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1 March 2008 Cost-effective scene change detection algorithm for real-time H.264 rate control
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For frames involving an abrupt scene change, almost all macroblocks are encoded using intramode in H.264/AVC. Before encoding such frames, one must first determine whether a scene has changed to perform the appropriate rate control. Since the computation load of H.264/AVC is heavy, a more cost-effective algorithm for detecting scene changes is necessary for real-time operations. We propose such an algorithm for high-motion video, and the results show that the proposed algorithm reduces the computational load by 37 to 92% from existing algorithms.



H.264/AVC is a state of the art video coding standard with a heavy computational load (CL), which affects encoder performance in many real-time applications. Several papers reducing the computational load have been published, and it is one of the important issues on H.264/AVC.1

The reference software for H.264/AVC includes a function that encodes an interframe in intramode. This feature is especially useful for frames involving an abrupt scene change (ASC), because the ASC frame is difficult to correlate with the previous frames. To achieve higher video quality and lower fluctuation in video quality, an appropriate rate control (RC) is necessary for an ASC frame.2 This requires the detection of an ASC before the ASC frame is encoded.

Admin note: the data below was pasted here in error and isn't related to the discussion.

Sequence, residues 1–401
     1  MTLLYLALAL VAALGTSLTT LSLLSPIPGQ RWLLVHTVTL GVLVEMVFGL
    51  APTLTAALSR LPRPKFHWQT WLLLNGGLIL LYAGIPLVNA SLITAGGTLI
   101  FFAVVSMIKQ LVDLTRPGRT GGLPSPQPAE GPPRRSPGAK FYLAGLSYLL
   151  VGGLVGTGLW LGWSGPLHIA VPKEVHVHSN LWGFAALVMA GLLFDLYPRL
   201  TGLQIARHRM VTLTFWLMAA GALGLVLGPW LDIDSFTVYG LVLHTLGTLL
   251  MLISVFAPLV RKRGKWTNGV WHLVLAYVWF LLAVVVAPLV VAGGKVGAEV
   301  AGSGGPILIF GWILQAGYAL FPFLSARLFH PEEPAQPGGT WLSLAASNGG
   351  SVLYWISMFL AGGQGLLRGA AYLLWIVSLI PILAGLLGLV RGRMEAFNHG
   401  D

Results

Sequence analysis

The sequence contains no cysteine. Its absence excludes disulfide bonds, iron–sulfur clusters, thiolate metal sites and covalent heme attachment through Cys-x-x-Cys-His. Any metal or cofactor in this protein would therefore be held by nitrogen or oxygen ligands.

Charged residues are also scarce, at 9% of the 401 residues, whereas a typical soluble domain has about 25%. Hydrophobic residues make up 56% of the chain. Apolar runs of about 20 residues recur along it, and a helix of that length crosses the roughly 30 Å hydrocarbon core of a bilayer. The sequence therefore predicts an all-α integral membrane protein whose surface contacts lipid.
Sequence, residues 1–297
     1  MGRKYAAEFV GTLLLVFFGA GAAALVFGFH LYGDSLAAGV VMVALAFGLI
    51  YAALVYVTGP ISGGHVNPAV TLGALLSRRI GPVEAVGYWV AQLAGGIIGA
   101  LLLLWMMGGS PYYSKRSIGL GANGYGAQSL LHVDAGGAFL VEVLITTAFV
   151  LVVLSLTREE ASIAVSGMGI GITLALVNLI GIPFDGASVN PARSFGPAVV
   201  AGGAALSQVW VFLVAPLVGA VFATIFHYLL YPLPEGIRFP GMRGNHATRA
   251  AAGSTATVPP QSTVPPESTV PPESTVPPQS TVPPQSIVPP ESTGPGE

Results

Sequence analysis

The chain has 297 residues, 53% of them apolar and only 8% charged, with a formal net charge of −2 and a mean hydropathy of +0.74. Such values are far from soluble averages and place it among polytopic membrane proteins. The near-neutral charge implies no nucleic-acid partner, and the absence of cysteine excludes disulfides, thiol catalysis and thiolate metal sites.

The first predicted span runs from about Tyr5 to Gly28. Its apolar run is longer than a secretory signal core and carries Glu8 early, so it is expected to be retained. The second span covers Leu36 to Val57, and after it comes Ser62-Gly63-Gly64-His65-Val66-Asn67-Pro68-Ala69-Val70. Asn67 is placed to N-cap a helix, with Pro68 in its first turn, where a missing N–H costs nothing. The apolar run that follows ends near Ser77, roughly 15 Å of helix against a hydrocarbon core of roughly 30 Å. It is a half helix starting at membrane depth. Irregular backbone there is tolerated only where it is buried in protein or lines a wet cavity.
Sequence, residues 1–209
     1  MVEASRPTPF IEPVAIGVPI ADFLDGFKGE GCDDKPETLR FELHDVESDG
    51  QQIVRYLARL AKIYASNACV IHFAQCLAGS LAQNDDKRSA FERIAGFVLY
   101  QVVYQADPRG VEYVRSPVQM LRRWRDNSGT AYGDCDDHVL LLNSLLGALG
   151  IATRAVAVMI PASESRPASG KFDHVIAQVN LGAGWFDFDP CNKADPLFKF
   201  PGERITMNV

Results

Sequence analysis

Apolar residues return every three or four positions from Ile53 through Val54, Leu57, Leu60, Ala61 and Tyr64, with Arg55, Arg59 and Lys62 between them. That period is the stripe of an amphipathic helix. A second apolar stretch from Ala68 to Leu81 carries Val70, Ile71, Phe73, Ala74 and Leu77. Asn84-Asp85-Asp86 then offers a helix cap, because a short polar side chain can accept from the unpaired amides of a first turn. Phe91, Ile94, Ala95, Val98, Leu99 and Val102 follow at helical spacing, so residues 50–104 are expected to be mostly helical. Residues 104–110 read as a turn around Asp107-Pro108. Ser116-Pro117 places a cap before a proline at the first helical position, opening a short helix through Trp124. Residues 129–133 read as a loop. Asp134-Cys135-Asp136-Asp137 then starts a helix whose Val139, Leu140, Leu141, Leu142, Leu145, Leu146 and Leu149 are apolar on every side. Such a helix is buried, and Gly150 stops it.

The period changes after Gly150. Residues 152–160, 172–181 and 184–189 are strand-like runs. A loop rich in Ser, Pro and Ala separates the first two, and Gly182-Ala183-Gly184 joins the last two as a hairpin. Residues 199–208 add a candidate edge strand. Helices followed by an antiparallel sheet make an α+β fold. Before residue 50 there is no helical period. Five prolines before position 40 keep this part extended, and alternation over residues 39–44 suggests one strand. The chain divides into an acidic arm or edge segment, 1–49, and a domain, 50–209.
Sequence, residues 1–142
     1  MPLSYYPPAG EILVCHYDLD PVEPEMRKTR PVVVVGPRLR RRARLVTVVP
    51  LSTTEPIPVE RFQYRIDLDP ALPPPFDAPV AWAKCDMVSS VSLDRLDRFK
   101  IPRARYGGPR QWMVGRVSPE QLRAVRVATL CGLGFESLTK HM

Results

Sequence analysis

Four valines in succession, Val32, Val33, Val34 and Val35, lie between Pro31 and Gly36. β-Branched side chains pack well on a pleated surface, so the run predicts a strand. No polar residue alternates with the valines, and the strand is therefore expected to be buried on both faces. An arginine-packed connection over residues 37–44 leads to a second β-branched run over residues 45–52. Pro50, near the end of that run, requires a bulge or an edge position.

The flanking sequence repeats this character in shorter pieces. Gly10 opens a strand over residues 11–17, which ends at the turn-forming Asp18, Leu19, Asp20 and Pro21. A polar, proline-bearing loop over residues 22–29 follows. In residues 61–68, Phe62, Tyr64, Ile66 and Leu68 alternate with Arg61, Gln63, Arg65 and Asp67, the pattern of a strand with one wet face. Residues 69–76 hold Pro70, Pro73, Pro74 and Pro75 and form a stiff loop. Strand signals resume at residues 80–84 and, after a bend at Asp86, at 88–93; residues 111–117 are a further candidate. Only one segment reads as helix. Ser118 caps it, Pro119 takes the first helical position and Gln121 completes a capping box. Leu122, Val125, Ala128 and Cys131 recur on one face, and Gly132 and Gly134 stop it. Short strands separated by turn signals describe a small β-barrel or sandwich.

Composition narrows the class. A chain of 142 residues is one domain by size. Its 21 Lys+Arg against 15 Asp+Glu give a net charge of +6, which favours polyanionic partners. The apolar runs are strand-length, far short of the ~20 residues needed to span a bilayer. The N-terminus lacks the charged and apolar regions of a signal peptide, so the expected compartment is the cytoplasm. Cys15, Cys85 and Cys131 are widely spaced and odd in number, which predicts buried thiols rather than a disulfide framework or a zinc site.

If a distinct difference between consecutive frames can be detected by a suitable dissimilarity metric (DM), an ASC can be declared whenever the DM exceeds a given threshold. Various such DMs have been published and can largely be categorized into two groups: those designed for use with compressed video3 and those designed for use with uncompressed video.4, 5 Since an ASC detection for RC cannot be performed before encoding the current frame, DMs for compressed video are not suitable. Therefore, only DMs for uncompressed video are considered in this work, which are further categorized into two subgroups: pixel-based and histogram-based DMs. Pixel-based DMs are simpler, but are inferior when analyzing high-motion video or when dealing with partial changes within a whole frame, such as flashes and objects that appear abruptly. To detect ASCs robustly, the well-known mean square error (MSE) between two consecutive frames is suggested as a DM.4 This DM is defined as follows: